“As a kid, my hair was uncomfortably long, thick and frizzy. I was scrawny and underweight. My hair felt like a literal heavy burden. I was not allowed to cut it. While other girls around me were allowed to trim theirs… I wasn’t. The reason? The same reason that was brought up anytime a girl dared to ask for anything that was even the slightest bit out of the norm: ‘What will people say?’
In our Indian culture, it was considered sinful for a girl to have short hair. In the 90s Bollywood movies, the ‘bad girl’ always had short boyish hair. The ‘good girl’ had a long flowing mane. The longer the better. Long hair was synonymous with virtuousness and piety. Therefore, to avoid gossip and dishonor, my hair remained long.
I grew up on an island surrounded by blue lagoons. Swimming is a national pastime. Going to the beach was a source of sadness and frustration because I was not allowed to get my hair wet. I feel cheated out of an experience that my peers reminisce about fondly.
To make my coarse, unruly hair manageable, every now and then my mother would slather a thick smelly coconut paste into it. It was not the cold pressed coconut oil that we have today. The smell was awful. She would then aggressively comb through my curls with a plastic fine-toothed comb and finally wrangle it into a waist length braid.
I resented this exercise. It was painful. If I protested or uttered a sound, Mother would punch me on the head and rake the comb harder. I learned to endure the combing in silence. My eyes would well up with tears and I would be afraid to breathe, lest she hears me sniffle and give me a harder beating.
Cutting my hair was out of question for another reason. It would deprive my narcissistic personality-disordered mother of the perverse pleasure of inflicting pain – under the guise of care and grooming. Hair braiding was and still is a bonding ritual observed by families all over the world. For me, it was an ordeal that filled me with dread.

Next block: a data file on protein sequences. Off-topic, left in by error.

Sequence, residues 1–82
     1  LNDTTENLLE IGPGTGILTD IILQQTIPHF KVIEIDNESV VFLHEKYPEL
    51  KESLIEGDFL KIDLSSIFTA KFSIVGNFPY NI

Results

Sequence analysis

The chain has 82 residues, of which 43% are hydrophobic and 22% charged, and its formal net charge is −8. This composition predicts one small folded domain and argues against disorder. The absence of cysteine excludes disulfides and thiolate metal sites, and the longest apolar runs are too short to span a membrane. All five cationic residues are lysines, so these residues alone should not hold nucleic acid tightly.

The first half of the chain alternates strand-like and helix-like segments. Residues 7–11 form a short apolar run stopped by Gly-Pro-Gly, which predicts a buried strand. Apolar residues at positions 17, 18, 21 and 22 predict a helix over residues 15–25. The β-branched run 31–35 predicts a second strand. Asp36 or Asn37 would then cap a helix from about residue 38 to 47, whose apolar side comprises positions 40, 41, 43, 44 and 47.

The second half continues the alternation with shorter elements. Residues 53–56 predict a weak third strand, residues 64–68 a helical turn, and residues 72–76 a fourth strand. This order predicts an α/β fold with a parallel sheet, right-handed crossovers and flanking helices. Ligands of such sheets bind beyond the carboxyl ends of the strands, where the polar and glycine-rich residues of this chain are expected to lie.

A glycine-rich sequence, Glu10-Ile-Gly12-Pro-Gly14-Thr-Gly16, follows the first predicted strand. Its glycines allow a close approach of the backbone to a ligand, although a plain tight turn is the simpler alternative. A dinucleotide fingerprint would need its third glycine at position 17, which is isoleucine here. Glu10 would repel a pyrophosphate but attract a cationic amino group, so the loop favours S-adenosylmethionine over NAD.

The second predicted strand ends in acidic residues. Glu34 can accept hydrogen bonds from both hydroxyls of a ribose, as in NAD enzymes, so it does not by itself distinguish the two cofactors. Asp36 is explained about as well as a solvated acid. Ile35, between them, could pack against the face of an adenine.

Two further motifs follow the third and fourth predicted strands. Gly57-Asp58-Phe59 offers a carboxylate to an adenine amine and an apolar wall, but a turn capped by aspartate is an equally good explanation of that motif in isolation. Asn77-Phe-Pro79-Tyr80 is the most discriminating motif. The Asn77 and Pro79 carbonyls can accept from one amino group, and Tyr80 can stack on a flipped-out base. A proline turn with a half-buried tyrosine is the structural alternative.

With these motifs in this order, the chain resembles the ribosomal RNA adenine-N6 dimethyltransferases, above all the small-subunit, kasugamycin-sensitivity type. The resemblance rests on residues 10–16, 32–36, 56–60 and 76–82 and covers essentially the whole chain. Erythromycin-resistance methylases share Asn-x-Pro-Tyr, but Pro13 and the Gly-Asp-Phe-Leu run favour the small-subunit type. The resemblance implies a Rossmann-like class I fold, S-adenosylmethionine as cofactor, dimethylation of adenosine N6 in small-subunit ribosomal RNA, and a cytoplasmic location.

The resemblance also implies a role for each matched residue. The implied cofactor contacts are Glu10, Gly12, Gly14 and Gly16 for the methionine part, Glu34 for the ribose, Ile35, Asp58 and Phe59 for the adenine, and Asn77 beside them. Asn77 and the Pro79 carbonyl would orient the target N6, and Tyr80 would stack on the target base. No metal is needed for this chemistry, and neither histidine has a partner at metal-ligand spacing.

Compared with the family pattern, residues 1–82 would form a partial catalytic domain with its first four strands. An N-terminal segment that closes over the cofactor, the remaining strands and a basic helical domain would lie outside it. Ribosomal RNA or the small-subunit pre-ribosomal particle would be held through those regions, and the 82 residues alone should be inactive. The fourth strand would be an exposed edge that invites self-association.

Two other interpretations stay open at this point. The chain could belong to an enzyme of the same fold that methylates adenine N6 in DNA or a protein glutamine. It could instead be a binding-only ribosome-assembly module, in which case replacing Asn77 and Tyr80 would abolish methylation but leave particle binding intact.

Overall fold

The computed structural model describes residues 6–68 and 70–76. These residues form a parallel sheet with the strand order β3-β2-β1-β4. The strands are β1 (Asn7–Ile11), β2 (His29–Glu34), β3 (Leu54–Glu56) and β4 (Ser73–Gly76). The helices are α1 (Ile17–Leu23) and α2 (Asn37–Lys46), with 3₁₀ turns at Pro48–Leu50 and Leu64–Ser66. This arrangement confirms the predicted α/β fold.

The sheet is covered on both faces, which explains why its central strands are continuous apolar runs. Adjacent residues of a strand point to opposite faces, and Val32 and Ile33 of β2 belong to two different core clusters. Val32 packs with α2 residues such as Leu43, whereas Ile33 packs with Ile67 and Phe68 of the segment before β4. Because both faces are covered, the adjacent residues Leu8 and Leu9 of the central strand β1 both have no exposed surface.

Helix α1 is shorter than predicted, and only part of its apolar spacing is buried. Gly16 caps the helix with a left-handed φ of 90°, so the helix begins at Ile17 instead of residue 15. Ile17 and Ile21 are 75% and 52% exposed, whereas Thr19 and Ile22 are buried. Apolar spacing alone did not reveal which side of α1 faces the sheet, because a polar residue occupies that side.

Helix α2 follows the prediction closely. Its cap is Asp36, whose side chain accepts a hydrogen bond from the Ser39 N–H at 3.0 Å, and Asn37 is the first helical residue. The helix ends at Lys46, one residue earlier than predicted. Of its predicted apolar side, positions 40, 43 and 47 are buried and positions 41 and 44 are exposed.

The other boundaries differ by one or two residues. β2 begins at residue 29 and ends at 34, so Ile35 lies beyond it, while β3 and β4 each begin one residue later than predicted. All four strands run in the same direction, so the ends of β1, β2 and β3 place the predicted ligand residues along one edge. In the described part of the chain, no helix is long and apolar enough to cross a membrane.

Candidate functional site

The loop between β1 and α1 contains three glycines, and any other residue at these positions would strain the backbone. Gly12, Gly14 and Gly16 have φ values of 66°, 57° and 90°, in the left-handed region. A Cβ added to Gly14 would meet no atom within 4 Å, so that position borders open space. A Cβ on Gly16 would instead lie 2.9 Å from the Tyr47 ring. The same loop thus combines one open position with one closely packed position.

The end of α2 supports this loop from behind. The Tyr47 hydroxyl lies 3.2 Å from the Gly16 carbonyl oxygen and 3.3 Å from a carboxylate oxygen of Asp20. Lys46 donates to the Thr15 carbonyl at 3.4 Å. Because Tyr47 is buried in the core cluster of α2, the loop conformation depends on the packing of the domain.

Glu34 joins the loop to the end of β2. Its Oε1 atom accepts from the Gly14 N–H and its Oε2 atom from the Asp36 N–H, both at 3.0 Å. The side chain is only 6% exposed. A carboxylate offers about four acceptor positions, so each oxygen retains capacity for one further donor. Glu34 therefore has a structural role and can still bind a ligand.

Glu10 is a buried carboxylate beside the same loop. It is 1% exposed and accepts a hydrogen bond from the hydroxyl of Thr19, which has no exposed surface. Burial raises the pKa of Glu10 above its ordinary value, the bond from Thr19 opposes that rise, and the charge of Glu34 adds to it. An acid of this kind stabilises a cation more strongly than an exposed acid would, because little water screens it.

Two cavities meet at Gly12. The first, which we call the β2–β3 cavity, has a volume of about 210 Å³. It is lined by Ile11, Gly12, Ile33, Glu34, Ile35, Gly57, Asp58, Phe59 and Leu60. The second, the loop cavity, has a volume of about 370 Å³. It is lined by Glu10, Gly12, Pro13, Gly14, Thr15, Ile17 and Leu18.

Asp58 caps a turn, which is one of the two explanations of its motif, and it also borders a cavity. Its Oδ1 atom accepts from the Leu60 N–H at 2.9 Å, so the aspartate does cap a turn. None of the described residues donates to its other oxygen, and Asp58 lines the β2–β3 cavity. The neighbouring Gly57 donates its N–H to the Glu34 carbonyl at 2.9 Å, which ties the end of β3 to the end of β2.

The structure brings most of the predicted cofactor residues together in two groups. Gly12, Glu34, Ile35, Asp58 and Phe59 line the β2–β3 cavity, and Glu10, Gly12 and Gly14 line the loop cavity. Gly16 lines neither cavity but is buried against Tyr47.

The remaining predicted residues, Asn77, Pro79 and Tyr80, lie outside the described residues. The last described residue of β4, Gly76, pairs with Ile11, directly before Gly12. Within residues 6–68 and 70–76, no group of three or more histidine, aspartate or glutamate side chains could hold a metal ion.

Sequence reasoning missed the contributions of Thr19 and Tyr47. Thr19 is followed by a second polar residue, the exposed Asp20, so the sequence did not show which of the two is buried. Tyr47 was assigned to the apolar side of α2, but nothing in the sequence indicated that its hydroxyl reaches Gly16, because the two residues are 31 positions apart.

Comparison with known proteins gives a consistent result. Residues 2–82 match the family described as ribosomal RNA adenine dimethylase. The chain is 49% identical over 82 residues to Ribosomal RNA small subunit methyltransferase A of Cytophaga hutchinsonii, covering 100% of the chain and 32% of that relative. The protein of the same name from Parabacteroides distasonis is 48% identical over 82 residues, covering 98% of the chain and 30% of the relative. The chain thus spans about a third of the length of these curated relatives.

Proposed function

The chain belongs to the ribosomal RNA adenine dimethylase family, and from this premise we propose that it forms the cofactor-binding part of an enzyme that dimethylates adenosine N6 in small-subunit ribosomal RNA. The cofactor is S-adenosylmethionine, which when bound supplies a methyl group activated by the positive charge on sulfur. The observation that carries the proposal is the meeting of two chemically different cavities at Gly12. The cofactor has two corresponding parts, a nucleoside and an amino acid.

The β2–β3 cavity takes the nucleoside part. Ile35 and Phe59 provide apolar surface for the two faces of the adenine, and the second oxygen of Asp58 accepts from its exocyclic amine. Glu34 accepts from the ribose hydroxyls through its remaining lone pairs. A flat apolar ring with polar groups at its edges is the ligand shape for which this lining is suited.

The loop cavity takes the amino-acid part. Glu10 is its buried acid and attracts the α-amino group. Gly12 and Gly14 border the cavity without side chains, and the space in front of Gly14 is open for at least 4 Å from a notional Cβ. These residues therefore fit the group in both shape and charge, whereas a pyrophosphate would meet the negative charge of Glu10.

The comb would make a dry, raking noise. Strands snapped and clumps of hair were ripped off my scalp. I tried not to react. If I winced of moved, Mother would just do it harder. My head jolted back with every sweep of the comb. My neck and shoulders were sore from bracing myself from the jerking movement. It seemed like an eternity.
People around me admired and complimented my thick braid. I cringed every time anyone commented on it. If only they knew the pain I had to endure because of it. Of course, they didn’t know because they never saw it.
This was not the only instance where I was subjected to violence. Physical abuse was frequent and emotional abuse was relentless. None of it happened in front of other people. My abuser was careful to only do it while alone with me, behind closed doors. I developed PTSD. I’ve suffered from debilitating symptoms my entire life. I moved to another country to create a new life for myself. Now at 32, I am finally on a path towards healing.
I rarely talk about it because when I do bring it up, I am met with the accusation that I am exaggerating. The gaslighting on my abuser’s part is so successful that nobody believes she is capable of violence. In public, she would switch to a completely different persona. She would act like a doting and caring mother whenever there was an audience; then promptly became scary and abusive when the audience left. I found this thoroughly bewildering and confusing.
Now that I am grown and independent, I cut my own hair. It’s only in my late 20s that I gathered the courage to chop off my waist-length hair into shoulder length.
It was cathartic. Freeing. Healing. I dyed it bright red for good measure.
Cutting my own hair is my personal act of emancipation.
My way of reclaiming my bodily autonomy.
It’s how I confront the trauma.
I brandish the scissors like battle weapons.
I cut away the weight holding me back.
I exhale with relief at every snip.
I get decide what to do with my own body.
I am finally mine.”
This story was submitted to Love What Matters by Maya Ellis. Do you have a similar experience? We’d like to hear your important journey. Submit your own story here, and subscribe to our best stories in our free newsletter here.
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